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Tikva Children’s Home launches Holocaust survivor initiative
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Tikva Children’s Home launches Holocaust survivor initiative

Staff Writer, New Jersey Jewish News

“A lot of these people…are depressed and lonely, sitting in a cold flat.”
“A lot of these people…are depressed and lonely, sitting in a cold flat.”

Elderly Holocaust survivors are the unlikely beneficiaries of a new initiative launched by a home for abandoned, abused, and neglected children in Odessa.

The Tikva Children’s Home in the Ukrainian city, which has helped 1,500 Jewish children since its inception in 1996, will be reaching out to the estimated 3,000 aging Holocaust survivors living below the poverty line in Odessa and its environs.

They lived through the Holocaust; however, they are ineligible for funds provided by the Conference on Jewish Material Claims Against Germany (Claims Conference) because they do not meet its criteria. (Qualifying factors include such things as duration, place, and nature of persecution; current financial and geographical limitations; and previous compensation. Someone who lived through the Holocaust in a town the Nazis never reached, for example, might not be considered a survivor for Claims Conference purposes.)

The anticipated cost of the initiative is $500,000 per year.

It has already begun a relief effort with $300,000 to ensure needy survivors have heat through the winter months. But the full initiative will involve both visits to people in their homes and programs to bring them to the three Tikva facilities by bus on a daily basis.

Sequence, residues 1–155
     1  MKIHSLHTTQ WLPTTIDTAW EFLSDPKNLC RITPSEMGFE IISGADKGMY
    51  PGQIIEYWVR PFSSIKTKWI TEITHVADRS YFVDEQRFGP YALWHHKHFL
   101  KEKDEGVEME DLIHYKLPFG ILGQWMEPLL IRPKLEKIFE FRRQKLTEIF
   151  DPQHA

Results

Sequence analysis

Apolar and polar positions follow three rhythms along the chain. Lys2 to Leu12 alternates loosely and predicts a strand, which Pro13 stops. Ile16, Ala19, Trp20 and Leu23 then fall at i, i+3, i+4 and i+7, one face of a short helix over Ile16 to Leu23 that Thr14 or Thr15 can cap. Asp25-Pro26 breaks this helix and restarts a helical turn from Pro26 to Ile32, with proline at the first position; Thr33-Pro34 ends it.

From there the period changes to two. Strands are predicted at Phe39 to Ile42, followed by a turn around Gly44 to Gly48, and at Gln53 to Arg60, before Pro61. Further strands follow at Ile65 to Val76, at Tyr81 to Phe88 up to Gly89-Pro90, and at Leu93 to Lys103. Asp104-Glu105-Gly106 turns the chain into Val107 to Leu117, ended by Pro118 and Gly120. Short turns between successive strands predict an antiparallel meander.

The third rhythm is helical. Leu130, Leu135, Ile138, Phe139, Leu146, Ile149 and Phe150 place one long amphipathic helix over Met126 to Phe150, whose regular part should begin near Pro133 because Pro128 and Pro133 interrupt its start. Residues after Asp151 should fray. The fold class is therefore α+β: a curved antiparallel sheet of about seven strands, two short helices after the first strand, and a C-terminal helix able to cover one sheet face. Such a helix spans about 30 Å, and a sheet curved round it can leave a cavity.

“A lot of these people are lonely — they are depressed and lonely, sitting in a cold flat,” said Tikva chair Ed Frankel, a resident of Jupiter, Fla., formerly of North Caldwell.

The Tikva initiative, Frankel said, will give the elderly survivors the opportunity to socialize with peers, have a nutritious lunch, and enjoy musical and cultural programs. In addition, after their school day, youngsters at the Tikva facility will have a chance to interact with the survivors and put on shows and presentations for them. The survivors who are not ambulatory will receive home visits from high school and university students who are Tikva alumni, who will bring them snacks, chat with them, and perhaps shop for them.

The project started when a small group of survivors approached Tikva asking for help. Tikva is partnering with the American Jewish Joint Distribution Committee, and the International Fellowship of Christians and Jews will match the first $400,000 in contributions. The program will be supervised jointly by Tikva Odessa CEO Refael Kruskal and JDC’s Odessa director.

Tikva is also a beneficiary of the Jewish Federation of Greater MetroWest NJ.

For the youngsters at the home and for Tikva graduates who will participate, Frankel said, it’s a “life lesson” that “there are a lot of people who are less fortunate who need our help.” 

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